Review: The Little Book of Skin Care by Charlotte Cho

If you're into Korean or Asian skin care or if you are just dabbling in that world, The Little Book of Skin Care by Charlotte Cho will be your new favorite read. It's got everything that you ever wondered about Korean skin care routine with a little culture lesson about Korea as well as some personal experiences by Charlotte Cho moving from California to South Korea. I found it to be really interesting, educational, at times funny and easy read.


About a year or two ago I have started reading about Asian skin care and I was fascinated. Before your late twenties you may not think about your skin care as much, especially if you are European or American. But after you pass 25, you realize that your skin needs more attention and with the help of rising skin care blogs and youtubers, you really can't get away from all that. 

As a makeup artist I have noticed that people usually don't take care of their skin as well as they should. There are certain exceptions. In general we think that makeup will make us look "prettier", but you can't really create masterpiece on bad canvas. No one takes care of their skin as good as Koreans. They are the leaders in skin care innovation and they go to great lengths to make sure they keep their skin as preserved as possible. After all, you only get one skin, so you better take care of it.

You have probably heard that SPF is sacred in Korea. There are also a lot of 7 or 11 step skin care routines that Koreans keep up with every morning and evening, but that is definitely not what you may want or even need. This book will just give you a good base to understand ingredients, when to use certain products as well as educate your about Korean culture in general. It could also be a nice beauty travel guide, if you ever plan on going to South Korea.


Design

The book has white and pink design, which seems girly, but it's actually quite quirky in a way. I love simplistic hand drawn images in it. Chapters aren't too long and it's easy to get into the flow of reading it. There also certain tips or tricks that are visually separated in pink squares which makes it really easy to go back and find that one thing that you remember was really interesting to read. Mine also has a hard cover, so it's well protected and will stay preserved well.

About Author

Charlotte Cho is certified esthetician behind leading beauty and lifestlyle website called Soko Glam. If you live in the USA this is your go to online store for shopping Korean skin care. As a teenager she lived in California and later moved to South Korea for a job. That's when she got thrown into this new beauty ideal and Korean skin care practices. She researched it and with the help of her husband took that Korean knowledge to New York.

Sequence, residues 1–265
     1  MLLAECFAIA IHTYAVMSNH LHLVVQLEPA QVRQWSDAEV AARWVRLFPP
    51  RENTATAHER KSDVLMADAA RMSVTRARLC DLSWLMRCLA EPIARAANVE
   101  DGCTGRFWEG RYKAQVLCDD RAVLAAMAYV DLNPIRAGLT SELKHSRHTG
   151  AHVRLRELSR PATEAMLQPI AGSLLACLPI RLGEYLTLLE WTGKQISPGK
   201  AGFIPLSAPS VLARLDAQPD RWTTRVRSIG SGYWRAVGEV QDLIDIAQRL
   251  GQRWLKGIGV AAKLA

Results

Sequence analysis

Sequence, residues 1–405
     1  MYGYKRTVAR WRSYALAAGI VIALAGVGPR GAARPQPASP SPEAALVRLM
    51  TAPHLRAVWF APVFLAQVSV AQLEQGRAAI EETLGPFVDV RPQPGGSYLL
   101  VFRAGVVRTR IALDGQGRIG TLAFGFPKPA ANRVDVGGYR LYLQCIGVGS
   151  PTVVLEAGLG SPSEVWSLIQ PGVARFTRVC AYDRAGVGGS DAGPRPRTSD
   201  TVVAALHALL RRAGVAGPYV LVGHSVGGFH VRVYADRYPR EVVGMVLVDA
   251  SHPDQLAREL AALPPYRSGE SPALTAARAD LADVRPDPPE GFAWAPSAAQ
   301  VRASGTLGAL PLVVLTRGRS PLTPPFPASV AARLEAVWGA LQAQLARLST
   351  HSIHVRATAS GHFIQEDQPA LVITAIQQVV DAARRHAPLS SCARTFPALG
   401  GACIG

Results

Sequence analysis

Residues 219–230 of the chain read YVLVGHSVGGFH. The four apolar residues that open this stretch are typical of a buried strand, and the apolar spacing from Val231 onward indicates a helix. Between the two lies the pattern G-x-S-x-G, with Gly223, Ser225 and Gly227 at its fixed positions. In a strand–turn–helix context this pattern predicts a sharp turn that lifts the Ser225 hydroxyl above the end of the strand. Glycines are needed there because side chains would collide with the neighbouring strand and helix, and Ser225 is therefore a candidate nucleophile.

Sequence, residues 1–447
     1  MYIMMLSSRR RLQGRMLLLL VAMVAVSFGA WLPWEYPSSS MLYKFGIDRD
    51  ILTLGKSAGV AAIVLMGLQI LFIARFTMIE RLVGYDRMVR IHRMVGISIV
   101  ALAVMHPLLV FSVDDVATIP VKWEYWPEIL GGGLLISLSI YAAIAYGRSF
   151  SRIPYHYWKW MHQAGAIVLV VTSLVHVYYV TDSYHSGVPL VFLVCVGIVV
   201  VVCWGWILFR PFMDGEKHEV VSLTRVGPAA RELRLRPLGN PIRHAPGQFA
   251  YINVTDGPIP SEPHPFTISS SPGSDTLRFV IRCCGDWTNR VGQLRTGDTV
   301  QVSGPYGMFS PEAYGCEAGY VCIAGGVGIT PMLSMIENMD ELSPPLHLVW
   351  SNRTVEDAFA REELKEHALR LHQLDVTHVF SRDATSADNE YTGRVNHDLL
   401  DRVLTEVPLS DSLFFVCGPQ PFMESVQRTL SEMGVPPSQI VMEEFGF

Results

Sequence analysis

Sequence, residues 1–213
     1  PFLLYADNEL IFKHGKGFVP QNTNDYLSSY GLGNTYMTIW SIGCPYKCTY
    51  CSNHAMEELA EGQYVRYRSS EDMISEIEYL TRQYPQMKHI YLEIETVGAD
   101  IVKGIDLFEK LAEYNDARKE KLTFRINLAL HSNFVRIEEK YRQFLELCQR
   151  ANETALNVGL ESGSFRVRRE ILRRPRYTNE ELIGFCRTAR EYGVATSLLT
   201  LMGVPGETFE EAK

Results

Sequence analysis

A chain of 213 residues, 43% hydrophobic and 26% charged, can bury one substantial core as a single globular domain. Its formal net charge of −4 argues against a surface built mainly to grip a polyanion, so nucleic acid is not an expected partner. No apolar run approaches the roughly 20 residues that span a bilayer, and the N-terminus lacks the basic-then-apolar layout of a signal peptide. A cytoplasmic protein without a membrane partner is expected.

Content

If you know nothing about skin or skin care products, but would like to learn, this is a good book to start with. I feel like she talks about skin and products in certain detail that you may not all be familiar with, but she explains it in understanding manner. 

I have enjoyed several ideas that this book introduced me to. Like for example that brand loyalty is overrated. I will never forget when a certain "brand expert" talked to be about how you should use all the product of a skin care routine from one brand. That's total bullshit. It's just a marketing strategy to sell you more of their products. There is no reason that you shouldn't mix an match different products from different brands as long as you know what you are using and what are ingredients. You know something like vitamin C and niacinamide that are supposedly not to be mixed together. But that can be argued as well.

Apparently Koreans use from 6 to 10 skin care products daily. Every step in their skin care has a purpose and goes a bit like this - prep, renew, treat, hydrate and protect. Double cleanse is very important and I use it as well. It means that you use two product to cleanse your face. This is more part of the evening routine. You use something thicker to take the bulk of your makeup or skin care off (like sunscreen) and then go in with another gentler cleanser to remove any leftovers. For that first step you usually use something oil based like cleansing oil or balm and the second one is usually more of a water based product like gel or foam.

There is also a misconception around the term brightening. It's not about bleaching or whitening the face, it's about making your skin tone appear brighter and more even toned. Most brightening or "whitening" products use arbutin which is extract from bearberry or mulberry leaves. 

There is also mentioning of healthy acid mantel and how to maintain it. Our skin is usually more acid which means alkaline product can disrupt its natural skin barrier. If your skin is too acid it can be irritated, prone to breakouts and very oils. Too alkaline skin will look dull, feel extremely dry and become flaky.  There has been a lot of debate and testing skin care product with ph indicators and I won't go into it, but you can definitely try to test it, if that's something that you're interested in.

Alcohol has to be mentioned among ingredients. Alcohol denat which is in a lot of drugstore products here is to be avoided. It can irritate skin ad damage skin's barrier as well as produce more free radicals which will further damage the skin. However, there are also some good fatty alcohols that you should look for in the ingredients list like cetyl alcohol  and stearyl alcohol.